In the Letter that Felipe II wrote to the General of the Hieronymite Order, on 16 April 1561, he set out the reasons which led him to construct the Monastery: as recognition for the victory of the battle of Saint Quentin, which took place on St. Lawrence’s Day in 1557 and his desire to build a mausoleum in memory of his parents and himself, dedicated to St. Lawrence.
The work began under the architect Juan Bautista de Toledo in 1563, but the architect who continued it was his disciple, Juan de Herrera, from 1567, when Juan Bautista de Toledo died, until 1584, when the construction of the Monastery finished. The latter modified the design and created his own style, known as Herreran-style, characterised by decorative bareness and geometrical rigour.
The main facade, west-facing, has two large side doors which are the entrances to the Alfonso XII school and to the Augustine friary. In the centre of the facade, among eight Doric columns, is the main entrance of the building, crowned by a body of Ionic columns, among which we can identify the family coat of arms of Felipe II and a colossal statue of St. Lawrence, created in granite by Juan Bautista Monegro, which are particularly noteworthy.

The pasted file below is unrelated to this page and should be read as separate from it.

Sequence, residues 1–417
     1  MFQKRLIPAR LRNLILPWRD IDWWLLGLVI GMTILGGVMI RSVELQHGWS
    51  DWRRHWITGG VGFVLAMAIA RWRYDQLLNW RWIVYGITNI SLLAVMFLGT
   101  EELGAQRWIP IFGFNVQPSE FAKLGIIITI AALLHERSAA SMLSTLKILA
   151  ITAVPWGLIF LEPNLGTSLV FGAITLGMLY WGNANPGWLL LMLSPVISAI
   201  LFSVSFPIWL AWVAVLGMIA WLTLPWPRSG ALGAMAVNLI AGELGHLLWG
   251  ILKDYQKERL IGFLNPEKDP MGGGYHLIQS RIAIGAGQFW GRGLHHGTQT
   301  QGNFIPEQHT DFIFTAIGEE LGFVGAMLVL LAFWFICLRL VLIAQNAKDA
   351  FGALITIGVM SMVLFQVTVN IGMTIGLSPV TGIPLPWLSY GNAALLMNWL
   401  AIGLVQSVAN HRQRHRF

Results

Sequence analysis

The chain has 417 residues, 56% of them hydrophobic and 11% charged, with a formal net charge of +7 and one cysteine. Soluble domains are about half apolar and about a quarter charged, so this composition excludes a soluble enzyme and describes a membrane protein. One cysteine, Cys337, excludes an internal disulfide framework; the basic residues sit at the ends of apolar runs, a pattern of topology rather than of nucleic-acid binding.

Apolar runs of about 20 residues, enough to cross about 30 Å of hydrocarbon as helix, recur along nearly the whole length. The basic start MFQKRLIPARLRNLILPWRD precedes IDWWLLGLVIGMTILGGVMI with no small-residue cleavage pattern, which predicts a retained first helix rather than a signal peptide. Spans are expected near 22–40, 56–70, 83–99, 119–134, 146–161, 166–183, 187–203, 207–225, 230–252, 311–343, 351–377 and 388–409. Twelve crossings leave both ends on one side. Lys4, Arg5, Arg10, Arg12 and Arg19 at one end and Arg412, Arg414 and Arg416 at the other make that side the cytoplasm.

Within it, it boasts the Plaza of the Kings (Patio de Reyes), the Basilica, the library, the crypt of the Kings (Panteón de Reyes), the crypt of the Princes and Princesses (Panteón de Infantes), the palaces (Palacios), and the Chapter Rooms (Salas capitulares), among other areas. The art museum and the architectural museum are a must for visitors.
The Monastery of San Lorenzo de El Escorial was declared a Historic-Artistic Monument in 1931, and in 1984 was recognised by UNESCO as a World Heritag.